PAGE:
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Auguste Rodin was a French sculptor, usually considered the progenitor of modern sculpture. But actually Rodin did not set out to revolutionary against the past.
He was educated traditionally, took a craftsman-like advance to his work, and desired academic respect, although he was never accepted into Paris's leading school of art.
Many of his most notable sculptures were severely criticized during his lifetime. They clashed with the predominant figure sculpture tradition, in which works were decorative, formulaic, or highly thematic. Rodin's most original work departed from traditional themes of mythology and allegory, modeled the human body with realism, and celebrated individual character.
It was the freedom and creativity with which Rodin used these practices – along with his activation surfaces of sculptures through traces of his own touch and with his more open attitude toward bodily pose, sensuality, and non-realistic surface – that marked Rodin's re-making of traditional 19th century sculptural techniques into the prototype for modern sculpture.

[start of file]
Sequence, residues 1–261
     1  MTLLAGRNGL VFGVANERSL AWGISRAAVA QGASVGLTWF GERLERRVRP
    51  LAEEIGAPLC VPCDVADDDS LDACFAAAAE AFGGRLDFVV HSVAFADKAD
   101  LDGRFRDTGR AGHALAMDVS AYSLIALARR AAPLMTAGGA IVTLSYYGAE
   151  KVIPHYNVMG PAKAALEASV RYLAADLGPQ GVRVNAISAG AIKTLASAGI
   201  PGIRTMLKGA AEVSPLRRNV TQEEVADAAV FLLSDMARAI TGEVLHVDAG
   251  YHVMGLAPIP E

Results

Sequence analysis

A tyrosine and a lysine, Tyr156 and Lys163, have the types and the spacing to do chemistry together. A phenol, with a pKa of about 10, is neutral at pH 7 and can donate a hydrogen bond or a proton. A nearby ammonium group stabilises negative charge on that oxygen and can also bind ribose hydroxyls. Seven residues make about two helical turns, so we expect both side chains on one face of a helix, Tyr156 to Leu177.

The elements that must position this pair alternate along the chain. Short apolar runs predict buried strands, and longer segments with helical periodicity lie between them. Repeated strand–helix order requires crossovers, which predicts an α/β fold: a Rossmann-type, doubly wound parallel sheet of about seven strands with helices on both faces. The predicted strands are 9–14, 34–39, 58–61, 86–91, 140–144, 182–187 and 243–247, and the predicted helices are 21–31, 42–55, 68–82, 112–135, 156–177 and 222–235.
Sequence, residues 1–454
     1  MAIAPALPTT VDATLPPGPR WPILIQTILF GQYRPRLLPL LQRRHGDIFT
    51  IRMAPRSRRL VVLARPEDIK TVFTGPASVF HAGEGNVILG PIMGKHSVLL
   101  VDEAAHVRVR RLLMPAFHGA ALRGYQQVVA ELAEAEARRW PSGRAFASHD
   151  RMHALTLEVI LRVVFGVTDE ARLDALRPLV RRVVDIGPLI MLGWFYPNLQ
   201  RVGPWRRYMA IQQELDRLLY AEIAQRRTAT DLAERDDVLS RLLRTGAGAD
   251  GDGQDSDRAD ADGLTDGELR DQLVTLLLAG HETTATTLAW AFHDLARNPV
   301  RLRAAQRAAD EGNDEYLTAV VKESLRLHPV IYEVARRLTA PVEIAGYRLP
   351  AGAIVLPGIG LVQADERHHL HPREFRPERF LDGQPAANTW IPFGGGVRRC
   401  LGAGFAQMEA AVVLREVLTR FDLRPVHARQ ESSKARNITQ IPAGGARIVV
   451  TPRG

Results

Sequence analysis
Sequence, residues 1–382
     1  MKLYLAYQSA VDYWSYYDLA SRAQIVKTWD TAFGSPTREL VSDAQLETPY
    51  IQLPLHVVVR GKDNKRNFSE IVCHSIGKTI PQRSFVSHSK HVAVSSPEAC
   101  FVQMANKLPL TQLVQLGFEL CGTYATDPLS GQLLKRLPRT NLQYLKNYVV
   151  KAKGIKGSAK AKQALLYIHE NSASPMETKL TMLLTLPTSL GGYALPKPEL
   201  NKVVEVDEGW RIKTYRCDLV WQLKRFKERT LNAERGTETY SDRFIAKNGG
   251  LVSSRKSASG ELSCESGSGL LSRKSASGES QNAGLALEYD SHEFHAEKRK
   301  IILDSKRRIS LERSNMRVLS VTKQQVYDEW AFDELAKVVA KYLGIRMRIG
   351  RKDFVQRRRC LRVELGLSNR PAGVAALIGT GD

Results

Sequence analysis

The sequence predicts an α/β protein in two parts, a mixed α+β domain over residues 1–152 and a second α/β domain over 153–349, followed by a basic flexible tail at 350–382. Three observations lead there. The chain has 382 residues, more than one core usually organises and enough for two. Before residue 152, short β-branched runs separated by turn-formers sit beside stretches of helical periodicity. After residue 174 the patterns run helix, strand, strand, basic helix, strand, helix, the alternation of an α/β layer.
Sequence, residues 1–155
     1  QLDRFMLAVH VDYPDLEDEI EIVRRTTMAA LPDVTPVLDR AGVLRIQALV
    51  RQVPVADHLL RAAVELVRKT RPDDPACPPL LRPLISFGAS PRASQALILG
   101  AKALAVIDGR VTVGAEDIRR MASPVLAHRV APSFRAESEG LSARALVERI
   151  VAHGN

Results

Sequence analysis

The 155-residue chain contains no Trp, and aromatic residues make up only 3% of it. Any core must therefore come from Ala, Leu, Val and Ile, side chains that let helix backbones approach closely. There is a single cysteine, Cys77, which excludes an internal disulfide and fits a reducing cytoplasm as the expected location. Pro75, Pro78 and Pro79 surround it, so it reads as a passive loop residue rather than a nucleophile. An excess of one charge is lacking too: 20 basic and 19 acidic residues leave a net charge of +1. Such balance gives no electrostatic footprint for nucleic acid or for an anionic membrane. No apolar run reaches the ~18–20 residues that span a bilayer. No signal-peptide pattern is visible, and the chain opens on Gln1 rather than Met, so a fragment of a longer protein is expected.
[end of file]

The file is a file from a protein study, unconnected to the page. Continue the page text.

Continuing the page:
Sketcher, painter, engraver, sculptor and collector, Auguste Rodin is recognized worldwide for the exceptional authenticity of his anatomical sculptures, but drawing was his means of discovering "truth" in life and in art: for him "good" drawing represented truth and simplicity in nature; 'bad" drawing was self-conscious, mannered in its representation, and often displayed an ignorance of nature or inexact observation with attempts to mask it with artifice.
Rodin was a prolific draughtsman, producing some 10,000 drawings.
His drawings were seldom used as studies or projects for a sculpture or monument. Although the works on paper can only be shown periodically, owing to their fragility, the role they played in Rodin’s art was by no means minor.
As the sculptor said at the end of his life:
“It’s very simple. My drawings are the key to my work.”